Interview with Günther Orth
“Arabic Metaphors don't work in German”
Mediator between worlds: Günther Orth translates Arabic literature into German. An interview about the challenges of language and the subtleties of the phrase “I want”.
Mr Orth, you interpret for politicians, scientists and artists from the Arab world. The German version of Fawwaz Haddad’s novel “Gottes blutiger Himmel” (Soldiers of God) is also by you. Currently you’re working on the translation of “Der Messias von Darfur” (The Messiah of Dafur) by Abdelaziz Baraka Sakin. How does a boy from Franconia come to the Arab world?
I have no Arab ancestors and no orientalists in the family. The first thing I ever heard about the Middle East was the Arab oil embargo against the West in 1974. I was then a small boy; what I picked up was that the Arabs want to make life difficult for us. Later two things worked together. I hadn’t seen much of the world; as a large family from Franconia our holiday radius was limited. Maybe that’s why I was attracted to the world with all its exotic cultures. Then I found learning languages easy and knew a student in Erlangen who travelled regularly to China on scholarships. I found that inspiring. So after taking my school-leaving certificate I looked into studying Sinology. On the same floor of the university was the Oriental and Islamic Studies Department. Since Sinology seemed to be full up, I decided to try Islamic Studies. The pace was very brisk, and after a week there were only 20 students; at the end of the semester only five.
Even many Arabs find it difficult to learn Modern Standard Arabic, particularly the grammar. How was the beginning for you?
Difficult. Everything was unfamiliar and hard to compare to European languages. But if right at the start you labour through the classical method and always learn the right endings -un, -in, -an, you can build on this later. As the joke goes: the first five years are difficult; after that it’s not too bad.
“An erosion of classical Arabic”You learned Modern Standard Arabic, but in Arab countries the inhabitants speak various dialects. Was that disconcerting on your first trips there?
To learn Arabic is about as hard as learning four or five European languages. It’s very confusing when simple things such as the phrase “I want” can mean, depending on the dialect, ayiz, beddi, brid, dayir, ashti, bghiti, bhibb, abi…. In Modern Standard Arabic it means “uridu”, but that’s rather out of place in everyday life. A truly frustrating experience for someone who has laboriously learned classical Arabic and then travels to an Arab country and has to ask for directions! When I was at university, many Arabs still had a command of correct Modern Standard Arabic. For about two decades now it’s been apparent that this has become a rare expertise. Even writers make grammatical errors that I notice, because at the beginning of our studies and at the Language Institute of Damascus we were tormented with the fine points of syntax and declensions. In Arab schools that’s evidently no longer the case. The result is a real erosion of classical Arabic.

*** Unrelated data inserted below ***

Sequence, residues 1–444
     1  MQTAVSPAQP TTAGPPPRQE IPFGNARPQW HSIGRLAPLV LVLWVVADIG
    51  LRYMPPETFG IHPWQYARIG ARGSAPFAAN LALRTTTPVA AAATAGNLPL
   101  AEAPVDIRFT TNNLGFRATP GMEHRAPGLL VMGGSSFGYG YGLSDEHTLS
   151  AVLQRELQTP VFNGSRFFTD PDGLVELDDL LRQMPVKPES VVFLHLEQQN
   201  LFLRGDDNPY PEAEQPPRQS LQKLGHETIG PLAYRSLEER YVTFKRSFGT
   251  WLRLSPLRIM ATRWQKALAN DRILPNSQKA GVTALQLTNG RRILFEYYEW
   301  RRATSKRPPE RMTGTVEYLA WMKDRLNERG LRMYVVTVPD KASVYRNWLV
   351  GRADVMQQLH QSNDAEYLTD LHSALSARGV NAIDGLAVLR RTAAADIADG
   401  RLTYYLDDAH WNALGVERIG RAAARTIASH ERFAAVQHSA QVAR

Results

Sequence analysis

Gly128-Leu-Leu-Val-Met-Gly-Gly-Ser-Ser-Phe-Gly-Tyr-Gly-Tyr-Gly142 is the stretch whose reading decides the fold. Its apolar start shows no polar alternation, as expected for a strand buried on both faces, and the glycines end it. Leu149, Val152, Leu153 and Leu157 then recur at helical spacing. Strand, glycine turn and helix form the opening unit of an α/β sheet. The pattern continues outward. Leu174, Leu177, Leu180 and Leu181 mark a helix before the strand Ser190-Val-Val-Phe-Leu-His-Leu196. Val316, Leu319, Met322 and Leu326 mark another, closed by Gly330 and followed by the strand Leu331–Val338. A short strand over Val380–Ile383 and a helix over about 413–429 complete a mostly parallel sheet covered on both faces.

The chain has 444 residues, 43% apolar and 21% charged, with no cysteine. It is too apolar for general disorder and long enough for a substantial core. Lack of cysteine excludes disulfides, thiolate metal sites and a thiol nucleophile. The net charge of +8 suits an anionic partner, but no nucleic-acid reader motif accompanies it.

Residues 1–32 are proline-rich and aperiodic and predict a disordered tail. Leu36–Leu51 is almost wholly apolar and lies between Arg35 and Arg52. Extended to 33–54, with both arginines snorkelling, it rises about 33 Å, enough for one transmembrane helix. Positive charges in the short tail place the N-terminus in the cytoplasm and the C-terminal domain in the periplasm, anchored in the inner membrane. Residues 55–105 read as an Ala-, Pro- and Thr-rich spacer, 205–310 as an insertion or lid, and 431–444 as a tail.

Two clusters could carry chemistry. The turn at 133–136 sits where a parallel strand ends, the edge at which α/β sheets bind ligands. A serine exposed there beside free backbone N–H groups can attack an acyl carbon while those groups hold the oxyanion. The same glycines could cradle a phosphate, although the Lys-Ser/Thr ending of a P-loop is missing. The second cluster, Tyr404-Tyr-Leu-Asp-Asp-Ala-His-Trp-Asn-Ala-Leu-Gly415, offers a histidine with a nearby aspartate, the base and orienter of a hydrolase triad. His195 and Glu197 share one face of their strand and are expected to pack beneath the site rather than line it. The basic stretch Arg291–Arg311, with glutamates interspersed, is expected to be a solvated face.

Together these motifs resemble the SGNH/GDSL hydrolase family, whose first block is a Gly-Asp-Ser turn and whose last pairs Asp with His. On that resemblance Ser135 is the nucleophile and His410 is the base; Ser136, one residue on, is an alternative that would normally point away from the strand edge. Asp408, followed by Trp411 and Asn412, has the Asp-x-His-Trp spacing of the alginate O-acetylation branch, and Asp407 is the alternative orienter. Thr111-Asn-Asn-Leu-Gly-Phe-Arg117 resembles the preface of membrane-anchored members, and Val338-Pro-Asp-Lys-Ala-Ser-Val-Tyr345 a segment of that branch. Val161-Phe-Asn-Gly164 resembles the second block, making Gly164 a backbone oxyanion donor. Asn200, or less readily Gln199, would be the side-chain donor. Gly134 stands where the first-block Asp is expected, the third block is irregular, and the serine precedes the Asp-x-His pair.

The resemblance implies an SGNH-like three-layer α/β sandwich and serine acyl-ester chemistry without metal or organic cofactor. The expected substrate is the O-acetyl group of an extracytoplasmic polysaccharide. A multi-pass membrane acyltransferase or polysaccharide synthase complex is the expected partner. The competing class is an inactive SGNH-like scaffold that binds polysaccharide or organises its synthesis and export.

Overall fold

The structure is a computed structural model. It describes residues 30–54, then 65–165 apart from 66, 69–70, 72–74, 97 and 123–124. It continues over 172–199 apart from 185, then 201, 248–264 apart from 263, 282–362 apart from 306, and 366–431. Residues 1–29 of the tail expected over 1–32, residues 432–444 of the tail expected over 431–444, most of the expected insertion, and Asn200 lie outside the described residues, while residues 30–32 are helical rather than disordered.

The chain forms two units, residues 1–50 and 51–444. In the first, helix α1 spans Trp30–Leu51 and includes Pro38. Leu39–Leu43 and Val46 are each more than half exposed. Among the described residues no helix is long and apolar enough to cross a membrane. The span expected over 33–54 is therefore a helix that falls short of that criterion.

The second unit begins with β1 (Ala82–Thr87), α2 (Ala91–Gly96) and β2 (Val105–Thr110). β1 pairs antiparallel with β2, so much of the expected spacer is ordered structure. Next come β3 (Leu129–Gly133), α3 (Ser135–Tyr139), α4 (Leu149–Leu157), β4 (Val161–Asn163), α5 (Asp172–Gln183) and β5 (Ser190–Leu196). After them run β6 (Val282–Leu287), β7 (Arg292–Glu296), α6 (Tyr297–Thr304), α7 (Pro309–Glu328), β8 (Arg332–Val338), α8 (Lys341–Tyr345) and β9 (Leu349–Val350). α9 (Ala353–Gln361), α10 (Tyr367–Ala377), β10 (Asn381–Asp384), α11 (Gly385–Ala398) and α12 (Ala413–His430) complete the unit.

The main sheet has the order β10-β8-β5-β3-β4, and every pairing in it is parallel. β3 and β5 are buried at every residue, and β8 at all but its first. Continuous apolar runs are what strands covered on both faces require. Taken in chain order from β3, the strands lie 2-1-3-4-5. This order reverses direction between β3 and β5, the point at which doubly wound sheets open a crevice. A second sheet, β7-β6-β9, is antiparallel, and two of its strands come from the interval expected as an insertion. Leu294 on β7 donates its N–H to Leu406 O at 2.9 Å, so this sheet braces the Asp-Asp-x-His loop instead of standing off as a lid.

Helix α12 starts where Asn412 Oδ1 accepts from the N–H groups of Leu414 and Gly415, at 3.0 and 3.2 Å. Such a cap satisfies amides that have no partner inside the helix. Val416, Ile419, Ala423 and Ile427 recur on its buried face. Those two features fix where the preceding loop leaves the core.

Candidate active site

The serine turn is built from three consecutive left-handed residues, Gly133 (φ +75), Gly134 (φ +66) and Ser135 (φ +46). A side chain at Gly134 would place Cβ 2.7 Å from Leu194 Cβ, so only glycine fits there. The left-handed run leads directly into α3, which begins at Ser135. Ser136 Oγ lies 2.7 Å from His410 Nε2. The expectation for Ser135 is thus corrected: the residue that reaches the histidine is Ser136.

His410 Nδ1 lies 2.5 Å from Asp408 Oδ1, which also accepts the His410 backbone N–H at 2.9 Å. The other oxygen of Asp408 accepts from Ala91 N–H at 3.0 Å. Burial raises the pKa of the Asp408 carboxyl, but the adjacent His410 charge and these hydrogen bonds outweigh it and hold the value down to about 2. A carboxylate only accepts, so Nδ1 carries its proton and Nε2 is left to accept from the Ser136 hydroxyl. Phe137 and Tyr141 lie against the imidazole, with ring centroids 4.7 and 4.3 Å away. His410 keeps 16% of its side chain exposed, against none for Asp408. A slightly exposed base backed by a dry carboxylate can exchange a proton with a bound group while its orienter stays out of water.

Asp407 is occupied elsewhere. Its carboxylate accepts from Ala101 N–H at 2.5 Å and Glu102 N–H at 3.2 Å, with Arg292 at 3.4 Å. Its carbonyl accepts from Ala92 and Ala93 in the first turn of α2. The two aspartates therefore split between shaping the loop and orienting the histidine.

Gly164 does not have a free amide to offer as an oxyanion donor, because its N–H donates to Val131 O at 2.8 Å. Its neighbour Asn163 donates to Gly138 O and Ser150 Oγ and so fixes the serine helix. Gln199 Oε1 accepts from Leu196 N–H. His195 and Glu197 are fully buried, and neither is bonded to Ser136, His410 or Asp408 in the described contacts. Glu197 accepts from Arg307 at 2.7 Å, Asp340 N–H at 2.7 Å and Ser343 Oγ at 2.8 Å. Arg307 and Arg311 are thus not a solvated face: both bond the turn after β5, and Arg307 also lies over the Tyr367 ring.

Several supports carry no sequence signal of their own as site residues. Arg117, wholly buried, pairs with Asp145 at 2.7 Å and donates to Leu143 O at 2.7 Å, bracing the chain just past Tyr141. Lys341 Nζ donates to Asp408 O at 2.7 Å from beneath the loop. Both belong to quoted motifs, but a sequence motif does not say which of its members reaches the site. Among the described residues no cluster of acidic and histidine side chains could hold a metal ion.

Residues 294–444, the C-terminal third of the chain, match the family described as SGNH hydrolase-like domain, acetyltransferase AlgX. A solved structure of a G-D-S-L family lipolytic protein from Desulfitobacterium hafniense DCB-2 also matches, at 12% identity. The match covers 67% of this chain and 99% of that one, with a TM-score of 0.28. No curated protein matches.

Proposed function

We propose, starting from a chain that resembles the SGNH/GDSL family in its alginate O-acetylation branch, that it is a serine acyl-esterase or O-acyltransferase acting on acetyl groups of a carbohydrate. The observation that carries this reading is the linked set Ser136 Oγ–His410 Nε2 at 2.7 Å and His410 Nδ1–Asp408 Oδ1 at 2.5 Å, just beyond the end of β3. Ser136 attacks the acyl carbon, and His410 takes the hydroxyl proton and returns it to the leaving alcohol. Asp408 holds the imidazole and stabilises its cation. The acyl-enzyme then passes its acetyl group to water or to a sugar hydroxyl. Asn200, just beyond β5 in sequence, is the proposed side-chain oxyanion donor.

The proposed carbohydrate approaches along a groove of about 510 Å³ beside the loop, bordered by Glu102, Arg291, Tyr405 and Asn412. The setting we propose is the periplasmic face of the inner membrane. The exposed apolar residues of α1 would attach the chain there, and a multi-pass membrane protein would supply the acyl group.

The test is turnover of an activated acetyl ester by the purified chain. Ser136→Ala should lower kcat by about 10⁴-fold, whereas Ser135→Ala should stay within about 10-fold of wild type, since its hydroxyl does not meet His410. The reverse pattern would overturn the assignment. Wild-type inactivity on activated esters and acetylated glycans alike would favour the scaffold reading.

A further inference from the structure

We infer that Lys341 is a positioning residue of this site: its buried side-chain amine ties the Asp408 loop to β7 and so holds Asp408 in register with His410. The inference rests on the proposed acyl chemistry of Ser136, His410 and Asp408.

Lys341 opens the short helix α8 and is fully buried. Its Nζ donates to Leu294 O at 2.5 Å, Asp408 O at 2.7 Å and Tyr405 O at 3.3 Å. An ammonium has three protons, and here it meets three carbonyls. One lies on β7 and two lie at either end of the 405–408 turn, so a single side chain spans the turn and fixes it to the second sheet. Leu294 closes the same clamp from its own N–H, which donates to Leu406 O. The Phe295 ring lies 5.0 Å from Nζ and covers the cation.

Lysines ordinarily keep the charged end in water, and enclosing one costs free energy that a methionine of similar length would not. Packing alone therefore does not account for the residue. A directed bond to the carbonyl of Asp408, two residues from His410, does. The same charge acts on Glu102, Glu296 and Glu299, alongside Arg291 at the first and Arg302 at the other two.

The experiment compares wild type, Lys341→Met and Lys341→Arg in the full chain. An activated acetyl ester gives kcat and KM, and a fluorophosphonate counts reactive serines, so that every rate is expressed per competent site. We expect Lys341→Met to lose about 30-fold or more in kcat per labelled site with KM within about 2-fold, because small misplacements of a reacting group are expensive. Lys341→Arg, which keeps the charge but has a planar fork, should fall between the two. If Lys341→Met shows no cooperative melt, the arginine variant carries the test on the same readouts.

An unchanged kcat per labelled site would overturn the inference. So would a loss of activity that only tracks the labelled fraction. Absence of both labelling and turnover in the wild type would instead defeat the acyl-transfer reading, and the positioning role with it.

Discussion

You work as an interpreter, but also translate Arab literature. What are your criteria for selecting a book to translate?
When it’s up to me, then my decision is based on what I like and whether the book will remain a strong text in German translation. When I receive a commission for a translation, the first thing I do is make sure I consider the work to be valuable. The public should be given texts that testify to the vitality and creativity of Arab literature. Literature shouldn’t be translated for purely financial reasons. But it happens all too rarely that you’re commissioned to translate Arab literature. Usually it’s the case that I discover something interesting and would like to translate it, but can’t find a publisher. There isn’t much curiosity here about the work of Arab writers.
“Arabic metaphors don’t work in German”What difficulties does Arab literature harbour for the translator?
Essentially the same ones as translators from other languages have to do with. You must be creative to render literary devices as elegantly and precisely as possible, without it sounding forced or outlandish in the target language. Many metaphors don’t work in German, so they have to be recast. It’s a process of endless decision-making. Only with practice does this agony become a pleasurable affair and you realize where you should soften or intensify, smooth, stretch or restructure; in short, how you “say more or less the same thing, but in other words”, as Umberto Eco has described it. Difficult about Arab literature is that much that concerns religion and aspects of everyday cultural life is only alluded to. In German this has to be elaborated so that everyone understands it.